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Pan African Medical Journal

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The phenomenology of premenstrual syndrome in female medical students: a cross sectional study

M Balaha, M Amr, M Moghannum, N Muhaida

Abstract


Background: The premenstrual syndrome (PMS) is particularly common in the younger age groups and, therefore represents a significant public health problem in young girls. This study aims to estimate the prevalence, severity, determinants of premenstrual syndrome (PMS) and its impact among the female medical students in Al-Ahsa, Saudi Arabia. Method: This study was performed at the College of Medicine, King Faisal University, Saudi Arabia, from June through December 2009. It included 250 medical students. They filled different questionnaires covering American College of Obstetrics and Gynecology (ACOG) criteria to diagnose PMS, demographic & reproductive factors, physical activity and mental condition. Regression analysis was conducted for all the predictors. Results: PMS was diagnosed in 35.6% of cases, distributed as 45% mild, 32.6% moderate and 22.4% severe. There were significant trends for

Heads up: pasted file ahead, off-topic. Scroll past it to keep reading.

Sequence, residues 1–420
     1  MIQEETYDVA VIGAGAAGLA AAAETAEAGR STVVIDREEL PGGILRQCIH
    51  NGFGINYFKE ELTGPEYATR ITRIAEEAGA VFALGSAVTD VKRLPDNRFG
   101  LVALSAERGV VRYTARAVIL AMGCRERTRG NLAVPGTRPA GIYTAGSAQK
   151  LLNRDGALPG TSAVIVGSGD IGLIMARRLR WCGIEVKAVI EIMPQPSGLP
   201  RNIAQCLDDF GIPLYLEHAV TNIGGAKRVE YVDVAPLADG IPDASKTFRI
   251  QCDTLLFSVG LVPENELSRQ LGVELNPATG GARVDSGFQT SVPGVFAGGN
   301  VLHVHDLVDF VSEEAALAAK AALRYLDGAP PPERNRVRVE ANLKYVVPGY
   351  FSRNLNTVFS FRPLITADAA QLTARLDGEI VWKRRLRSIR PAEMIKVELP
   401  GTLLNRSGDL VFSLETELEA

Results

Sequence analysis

older age, rural residence, family income and family history of PMS. The dominant limited activity was concentration in class (48.3%). Limitations of activities were significantly more frequent among severe cases. The prevalence of anxiety and depression was statistically more evident in the PMS group. Regression analysis revealed that, PMS was significantly associated with older age groups, rural residence, lower age at menarche, regularity of menses and family history. Conclusion: PMS is a common problem in young Saudi students in Al Ahsa. Severe PMS was associated with more impairment of daily activities and psychological distress symptoms. Older student age, rural residence, earlier age of menarche, regular cycles and positive family history are possible risk factors for PMS.



AJOL African Journals Online